February 21, 2007
I actually had a plan for dealing with the flying/diving conflict. I would dive on the 20th and go ahu hunting today. That would give me at least two dives and a not short change the archeology. Only problem was, what would I do if it rained on the 21st?
Sure enough, it’s pouring down rain. Which means I would either have aborted (sucky, sucky) or I would be stuck far from town, in the rain, with all my camera gear. Either way, I would be very pissed.
Before I forget, some things that did not fit with earlier travelogues:
The first few days, with rain delays, were the final days of a two week long festival of Rapi Nui culture. There was a parade. There were strange sporting events. There was music and dancing. I confess. I did not take proper advantage of the opportunities. I watched the parade. I saw an unusual sort of race pass through the streets. I heard music from a distance. The music and dancing occurred late at night which I could not reconcile with my need for an early start each day. It turns out, there was much interesting to see and do in the preparations for the parade. The next day, the guy at the bike rental asked if I had gotten painted up and, if not, why not? Truth is: I had no idea. I was biking among the monuments that day. But it sounds like it would have been fun.
Time is a bit different here. Start with the screwed up time zone. In an effort to ease administration, the Chilean government decreed that the Easter Island time would be 2 hours behind the Chilean mainland rather than the 4 hours suggested by the Sun.
It didn’t work. The business day just starts at 10:00am instead of 8:00am for those that are punctual. The rest, which is most, open shop at maybe 11:00am and close for random, unposted intervals, during the middle of the day.
Businesses catering to tourists are often closed on Sunday. Other shops just seem to closed all day on any given day, for no apparent reason.
And, yet, I don’t get the sense of anything like “Africa time”. People here, just seem to have different priorities.
All in all, Rapa Nui is more third world than first. But it’s a very expensive for third world. My hotel has a lovely garden but the room is basically a no-star. Private bath with hot water but fixtures are awkward and no amenities. All that for about US$50/night. Food is very expensive. It is possible to eat for less than $10/meal but you won’t get much more than a snack. Hitting $20 doesn’t require splashing out, just a hunger for more than an empanada or two. All in all, I think one would be hard pressed to cover the basics for less than $60/day. I’m paying close to $100/day and I’ve never rented a motor vehicle and used a taxi only once.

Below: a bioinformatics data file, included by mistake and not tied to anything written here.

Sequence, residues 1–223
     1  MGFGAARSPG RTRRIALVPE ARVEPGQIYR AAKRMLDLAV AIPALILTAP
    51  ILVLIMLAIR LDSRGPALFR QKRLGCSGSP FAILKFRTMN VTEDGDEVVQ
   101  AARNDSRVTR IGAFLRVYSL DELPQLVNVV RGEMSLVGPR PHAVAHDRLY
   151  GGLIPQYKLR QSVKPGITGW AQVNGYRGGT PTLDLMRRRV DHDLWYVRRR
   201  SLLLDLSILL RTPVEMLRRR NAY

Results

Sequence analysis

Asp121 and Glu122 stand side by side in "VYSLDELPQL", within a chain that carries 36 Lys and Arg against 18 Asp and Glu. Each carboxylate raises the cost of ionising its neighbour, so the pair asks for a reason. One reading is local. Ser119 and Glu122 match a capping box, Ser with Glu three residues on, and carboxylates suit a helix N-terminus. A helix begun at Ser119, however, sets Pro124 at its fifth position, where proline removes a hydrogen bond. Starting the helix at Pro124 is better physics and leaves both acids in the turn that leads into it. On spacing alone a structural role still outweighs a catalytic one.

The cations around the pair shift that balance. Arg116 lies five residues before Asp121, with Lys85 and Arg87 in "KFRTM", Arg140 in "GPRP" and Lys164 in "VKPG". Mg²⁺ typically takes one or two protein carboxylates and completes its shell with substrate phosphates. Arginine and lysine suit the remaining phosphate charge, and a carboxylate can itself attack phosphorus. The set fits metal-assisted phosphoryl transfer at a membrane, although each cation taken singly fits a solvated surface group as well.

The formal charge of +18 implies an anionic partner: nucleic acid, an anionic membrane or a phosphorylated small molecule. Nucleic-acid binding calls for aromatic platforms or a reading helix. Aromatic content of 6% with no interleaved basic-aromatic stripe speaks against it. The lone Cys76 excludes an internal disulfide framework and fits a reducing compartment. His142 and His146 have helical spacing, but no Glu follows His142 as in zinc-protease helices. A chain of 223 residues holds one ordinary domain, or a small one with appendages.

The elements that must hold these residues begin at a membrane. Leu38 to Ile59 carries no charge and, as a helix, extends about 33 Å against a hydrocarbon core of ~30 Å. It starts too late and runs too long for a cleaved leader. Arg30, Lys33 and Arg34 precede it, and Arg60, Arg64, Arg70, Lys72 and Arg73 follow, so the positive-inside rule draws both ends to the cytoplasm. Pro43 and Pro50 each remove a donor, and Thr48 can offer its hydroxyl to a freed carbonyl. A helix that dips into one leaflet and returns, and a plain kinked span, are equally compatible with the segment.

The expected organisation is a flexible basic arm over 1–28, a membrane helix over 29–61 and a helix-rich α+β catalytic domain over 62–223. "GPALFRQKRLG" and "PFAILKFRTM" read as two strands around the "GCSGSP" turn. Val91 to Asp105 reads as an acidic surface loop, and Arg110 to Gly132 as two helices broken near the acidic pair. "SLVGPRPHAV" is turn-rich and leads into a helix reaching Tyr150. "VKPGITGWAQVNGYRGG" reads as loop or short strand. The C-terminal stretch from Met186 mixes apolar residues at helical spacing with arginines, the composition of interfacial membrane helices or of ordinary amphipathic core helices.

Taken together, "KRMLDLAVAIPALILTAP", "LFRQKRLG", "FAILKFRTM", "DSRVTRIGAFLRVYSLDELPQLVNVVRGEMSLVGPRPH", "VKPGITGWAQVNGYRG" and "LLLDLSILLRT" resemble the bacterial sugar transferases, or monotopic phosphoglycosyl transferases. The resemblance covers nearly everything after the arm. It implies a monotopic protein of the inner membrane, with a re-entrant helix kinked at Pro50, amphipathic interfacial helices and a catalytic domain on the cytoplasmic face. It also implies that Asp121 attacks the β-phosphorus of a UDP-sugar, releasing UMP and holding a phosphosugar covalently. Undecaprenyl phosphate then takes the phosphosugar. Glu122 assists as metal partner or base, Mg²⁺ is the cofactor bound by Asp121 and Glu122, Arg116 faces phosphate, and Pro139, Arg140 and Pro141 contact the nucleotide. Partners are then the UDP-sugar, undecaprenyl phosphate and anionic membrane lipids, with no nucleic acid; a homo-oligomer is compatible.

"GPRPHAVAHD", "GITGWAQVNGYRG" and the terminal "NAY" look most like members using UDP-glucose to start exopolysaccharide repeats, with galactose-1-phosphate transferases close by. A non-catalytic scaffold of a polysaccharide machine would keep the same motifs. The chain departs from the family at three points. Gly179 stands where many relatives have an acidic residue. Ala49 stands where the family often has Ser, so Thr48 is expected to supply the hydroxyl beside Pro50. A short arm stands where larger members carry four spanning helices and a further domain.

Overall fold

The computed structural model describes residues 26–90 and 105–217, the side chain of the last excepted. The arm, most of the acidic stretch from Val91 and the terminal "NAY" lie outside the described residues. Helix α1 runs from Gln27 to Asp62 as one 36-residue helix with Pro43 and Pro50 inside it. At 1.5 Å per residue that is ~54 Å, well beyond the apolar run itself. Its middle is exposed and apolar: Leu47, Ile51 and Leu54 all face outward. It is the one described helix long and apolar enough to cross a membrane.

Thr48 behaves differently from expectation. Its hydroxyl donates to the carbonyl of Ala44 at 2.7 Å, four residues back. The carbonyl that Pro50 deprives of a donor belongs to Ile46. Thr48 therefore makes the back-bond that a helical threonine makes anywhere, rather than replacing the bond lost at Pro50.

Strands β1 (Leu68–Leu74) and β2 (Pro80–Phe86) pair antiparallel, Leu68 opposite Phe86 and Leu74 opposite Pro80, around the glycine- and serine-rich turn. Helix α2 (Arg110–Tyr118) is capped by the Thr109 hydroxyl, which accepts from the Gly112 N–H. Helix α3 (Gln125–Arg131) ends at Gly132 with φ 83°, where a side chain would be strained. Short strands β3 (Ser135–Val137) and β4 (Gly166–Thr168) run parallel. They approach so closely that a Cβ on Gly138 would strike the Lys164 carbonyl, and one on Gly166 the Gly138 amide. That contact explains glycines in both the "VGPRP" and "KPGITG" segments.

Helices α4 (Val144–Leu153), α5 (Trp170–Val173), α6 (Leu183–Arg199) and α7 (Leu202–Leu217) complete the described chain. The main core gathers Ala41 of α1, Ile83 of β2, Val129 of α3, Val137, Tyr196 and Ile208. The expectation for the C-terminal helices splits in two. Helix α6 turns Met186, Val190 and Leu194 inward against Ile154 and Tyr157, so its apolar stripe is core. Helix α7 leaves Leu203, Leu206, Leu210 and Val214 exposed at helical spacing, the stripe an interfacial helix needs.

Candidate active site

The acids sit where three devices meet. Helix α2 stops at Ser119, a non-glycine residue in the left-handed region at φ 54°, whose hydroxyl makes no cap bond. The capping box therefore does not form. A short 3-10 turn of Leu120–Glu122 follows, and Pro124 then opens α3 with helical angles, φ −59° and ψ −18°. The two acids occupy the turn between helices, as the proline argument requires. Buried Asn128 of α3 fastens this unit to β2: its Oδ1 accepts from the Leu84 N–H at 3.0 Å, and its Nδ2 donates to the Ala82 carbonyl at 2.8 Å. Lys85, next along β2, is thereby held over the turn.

It is definitely a couple’s destination. I see a few solo travelers but only a few. Each visitor is greeted at the airport with Hawaii style flower necklace. Romantic gardens abound. Rooms are generally meant for double occupancy and, for most people, getting around the island, means renting a car. That’s very pricey for one person. I think they are around $60/day. I didn’t look too close as I didn’t even pack my driver’s license on this trip.
While many in the tourist business speak English, few, if any, are really fluent. Precision requires Spanish. Even in print, this is true. Most menus are strictly Spanish. Some signs and tourist pamplets are only in Spanish. Even when the document is multi-lingual, the English version is notably less precise and informative than the Spanish.
For the first three days, I was taunted by street merchants selling fresh pineapples. I remembered the absolutely wondrous pineapples I consume in East Africa. But I couldn’t eat one. I knew that as soon as that acid hit my throat, the pain would be unbearable. I’d pass by sometimes several times per day. Yummy, yummy. Can’t eat.
Finally, on day 6, my throat was healed and I remembered the pineapples. I bought one. It was…. a bit of a letdown, actually. Oh well. I guess it takes more than fresh to make a good pineapple.
It was street flooding pouring down rain this afternoon. I deferred my museum trip to do a little email, catch a little snooze. I woke up, realized that it was not raining and the museum closed in 45 minutes. Oops. Oh, well. Use what I got. I made my way past direction signs to way way back end of town (It’s a small town). I reached the tiny museum with 20 minutes to spare. That was almost enough. The museum is quite small. The captions are all in Spanish. There is an English translation guide but it’s not much fun. I saw a few things. An example of a female moai. A moai carved out of basalt. Some interesting carvings. And then they threw me out: 5 minutes early according to my watch.
But I knew where I was. I was right next door to Tahai. I wondered down toward the shore. Dazzling as ever. And so, my journey to End of the Earth closes, much the way it opened: With stone eyes, and an unworldly stare across the centuries. No camera this time. That final stare lives on only in my memory.